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Screening of Nonimmigrant Visas

The Brief

This is one of three blog posts explaining the current vetting process for different groups of immigrant and nonimmigrant foreign persons seeking entry into the United States. Read our posts on Refugees and Legal Permanent Residents.

Nonimmigrant visas are issued to foreign nationals for business, tourism, and visiting purposes.

These visas do not establish permanent residence. Under U.S. immigration law, approximately 21 visa categories are classified as “temporary workers.” These visas allow people to work in the United States for a specific period of time. The most commonly discussed temporary worker programs are H-1B specialty occupation workers, H-2A agricultural workers, H-2B seasonal workers, and L intracompany transferees. Visitors for business purposes are issued B-1 visas and any other visitors or tourists are issued B-2 visas. Students use F or J visas for entry to attend school or training programs.

In addition to nonimmigrant visa programs, the United States also allows nationals of 38 countries to visit the United States for up to 90 days without a visa.

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Nonimmigrant Screening Process

  1. Applicants must present a valid passport, completed visa application, application fee payment receipt, and a photo to interview for a nonimmigrant visa at a United States embassy or consulate abroad.

  2. Applicants are asked to provide documentation regarding the purpose of their visit to the U.S., their intent to depart the country, and their ability to afford travel.

  3. Visitors are screened through US-VISIT, which runs biographic information and biometric scans against the Department of Homeland Security (DHS) IDENT database, which also links to FBI and terrorist databases.

  4. Certain cases can be referred for additional interagency checks based on specific risk factors. These checks can be for terrorism ties, criminal checks, counter-espionage, or other security or criminal concerns. These checks can involve DHS, the Defense Department, the State Department, and the intelligence community.

  5. DHS also employs a variety of other travel-related screens for nonimmigrant visitors:

    Advance Passenger Information and Passenger Name Record Data

    Airlines flying into the U.S. must submit passenger biographical and travel data for a terrorist screen against terrorist intelligence and patterns. This program flagged over 3,000 individuals tied to terrorism from 2008-09. In FY 2010, one quarter of potential visitors denied for terrorism connections were identified by these programs.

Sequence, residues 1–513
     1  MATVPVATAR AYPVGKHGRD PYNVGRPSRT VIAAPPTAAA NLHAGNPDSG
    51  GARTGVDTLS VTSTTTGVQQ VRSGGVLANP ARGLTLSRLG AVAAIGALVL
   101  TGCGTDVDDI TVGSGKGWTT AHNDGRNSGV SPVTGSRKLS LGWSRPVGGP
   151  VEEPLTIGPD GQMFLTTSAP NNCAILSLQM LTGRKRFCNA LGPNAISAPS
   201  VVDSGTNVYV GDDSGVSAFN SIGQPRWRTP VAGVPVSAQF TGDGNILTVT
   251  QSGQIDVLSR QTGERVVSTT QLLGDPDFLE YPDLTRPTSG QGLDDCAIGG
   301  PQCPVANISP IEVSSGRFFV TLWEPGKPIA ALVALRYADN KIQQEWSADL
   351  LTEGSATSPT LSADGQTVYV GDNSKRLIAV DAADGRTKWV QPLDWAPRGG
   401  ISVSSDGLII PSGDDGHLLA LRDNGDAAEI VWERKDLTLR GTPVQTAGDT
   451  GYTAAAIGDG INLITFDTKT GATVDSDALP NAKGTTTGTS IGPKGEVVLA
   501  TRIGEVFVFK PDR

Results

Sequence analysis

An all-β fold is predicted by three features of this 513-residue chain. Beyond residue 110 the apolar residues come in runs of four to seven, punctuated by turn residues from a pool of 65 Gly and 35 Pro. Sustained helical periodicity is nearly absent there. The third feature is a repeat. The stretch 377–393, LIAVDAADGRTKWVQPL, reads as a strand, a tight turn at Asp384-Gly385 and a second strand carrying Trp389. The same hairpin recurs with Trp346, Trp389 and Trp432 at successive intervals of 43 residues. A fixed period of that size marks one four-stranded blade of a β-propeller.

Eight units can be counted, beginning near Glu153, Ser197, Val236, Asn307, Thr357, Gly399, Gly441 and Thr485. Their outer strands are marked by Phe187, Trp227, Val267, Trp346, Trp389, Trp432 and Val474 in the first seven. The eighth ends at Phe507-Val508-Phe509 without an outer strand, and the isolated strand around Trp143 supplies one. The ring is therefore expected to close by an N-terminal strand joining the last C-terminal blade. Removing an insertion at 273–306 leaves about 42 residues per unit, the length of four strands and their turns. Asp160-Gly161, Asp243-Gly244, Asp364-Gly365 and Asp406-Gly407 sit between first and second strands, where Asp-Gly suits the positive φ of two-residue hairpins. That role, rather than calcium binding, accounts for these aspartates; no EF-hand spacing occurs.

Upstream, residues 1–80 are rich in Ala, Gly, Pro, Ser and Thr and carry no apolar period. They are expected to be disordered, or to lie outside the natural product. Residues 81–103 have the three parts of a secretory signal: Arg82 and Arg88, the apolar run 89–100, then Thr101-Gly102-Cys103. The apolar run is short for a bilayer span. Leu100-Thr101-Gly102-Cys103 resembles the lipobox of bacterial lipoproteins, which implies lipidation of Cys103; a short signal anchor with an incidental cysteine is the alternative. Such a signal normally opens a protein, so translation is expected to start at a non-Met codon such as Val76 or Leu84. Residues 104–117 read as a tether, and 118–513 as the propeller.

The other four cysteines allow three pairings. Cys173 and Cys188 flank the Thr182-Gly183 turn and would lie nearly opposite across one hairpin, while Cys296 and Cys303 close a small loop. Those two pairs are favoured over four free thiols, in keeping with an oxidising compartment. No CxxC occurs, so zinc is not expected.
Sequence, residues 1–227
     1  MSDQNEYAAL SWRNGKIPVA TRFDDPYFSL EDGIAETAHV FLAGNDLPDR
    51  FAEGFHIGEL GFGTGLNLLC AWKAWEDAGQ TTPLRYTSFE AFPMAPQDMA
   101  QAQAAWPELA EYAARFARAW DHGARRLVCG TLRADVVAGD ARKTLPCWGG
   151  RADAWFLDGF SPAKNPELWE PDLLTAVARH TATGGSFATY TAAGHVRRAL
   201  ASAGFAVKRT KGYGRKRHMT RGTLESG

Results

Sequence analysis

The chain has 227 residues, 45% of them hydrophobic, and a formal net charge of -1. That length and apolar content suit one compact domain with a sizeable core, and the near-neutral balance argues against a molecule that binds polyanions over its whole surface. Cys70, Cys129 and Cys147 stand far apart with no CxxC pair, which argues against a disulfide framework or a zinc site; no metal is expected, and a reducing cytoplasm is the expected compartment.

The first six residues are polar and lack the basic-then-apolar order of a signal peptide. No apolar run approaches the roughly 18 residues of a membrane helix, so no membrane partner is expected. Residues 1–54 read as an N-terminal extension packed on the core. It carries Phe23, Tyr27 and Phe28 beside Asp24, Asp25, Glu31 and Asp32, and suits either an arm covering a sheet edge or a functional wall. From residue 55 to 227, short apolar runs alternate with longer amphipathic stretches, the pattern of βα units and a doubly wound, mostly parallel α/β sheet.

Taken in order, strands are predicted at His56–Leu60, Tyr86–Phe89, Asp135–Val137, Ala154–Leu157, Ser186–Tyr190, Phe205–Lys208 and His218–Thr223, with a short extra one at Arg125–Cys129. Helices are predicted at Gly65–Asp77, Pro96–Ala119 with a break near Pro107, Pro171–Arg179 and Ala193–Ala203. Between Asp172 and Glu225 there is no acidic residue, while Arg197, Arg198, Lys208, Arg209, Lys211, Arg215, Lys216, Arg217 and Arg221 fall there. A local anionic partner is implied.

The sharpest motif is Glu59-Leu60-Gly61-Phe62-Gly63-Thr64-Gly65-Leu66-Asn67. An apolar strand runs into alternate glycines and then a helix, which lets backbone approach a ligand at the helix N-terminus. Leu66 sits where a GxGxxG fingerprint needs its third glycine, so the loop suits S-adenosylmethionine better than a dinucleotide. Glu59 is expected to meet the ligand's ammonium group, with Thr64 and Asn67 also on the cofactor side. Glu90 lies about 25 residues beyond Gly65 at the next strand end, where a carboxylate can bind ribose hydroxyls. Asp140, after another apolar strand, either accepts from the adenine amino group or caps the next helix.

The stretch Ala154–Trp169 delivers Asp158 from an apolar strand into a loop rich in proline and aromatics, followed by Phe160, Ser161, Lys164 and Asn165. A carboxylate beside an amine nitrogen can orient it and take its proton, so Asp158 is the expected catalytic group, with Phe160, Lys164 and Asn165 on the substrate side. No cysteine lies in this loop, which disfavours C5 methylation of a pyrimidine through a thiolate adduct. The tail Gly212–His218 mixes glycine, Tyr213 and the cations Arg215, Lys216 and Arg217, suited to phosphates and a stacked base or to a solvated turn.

Visa Security Program

    Immigration and Customs Enforcement agents are deployed to various countries around the world to identify potential threats before they reach the U.S.

    Pre-Departure Vetting

    Airlines are requested to not allow passengers of concern to board aircraft. Over 2,800 individuals have been identified since 2010 by this program.

    Secure Flight Program

    DHS screens passengers against criminal and terrorist watchlist before boarding passes are issued.

  6. DHS and Customs and Border Protection officials stationed at the visitor’s port of entry have a final say in whether or not a traveler may be admitted.

Visa Waiver Program (VWP)

In addition to nonimmigrant visa programs, the United States also allows nationals of 38 countries to visit the United States for up to 90 days without a visa.

  1. VWP participants must have an e-passport equipped with a unique electronic chip.

  2. The Electronic System for Travel Authorization (ESTA) is used to automatically screen applicants for any concerns that would render them unable to participate in the VWP.

  3. Anyone that has traveled to Iraq, Iran, Sudan, Syria, Libya, Somalia, or Yemen on or after March 1, 2011 is ineligible to participate in the program without diplomatic or military purpose and must apply for a visa.

  4. Nationals of the 38 countries who are also nationals of Iraq, Iran, Sudan, or Syria must also apply for a visa, regardless of travel to countries listed.

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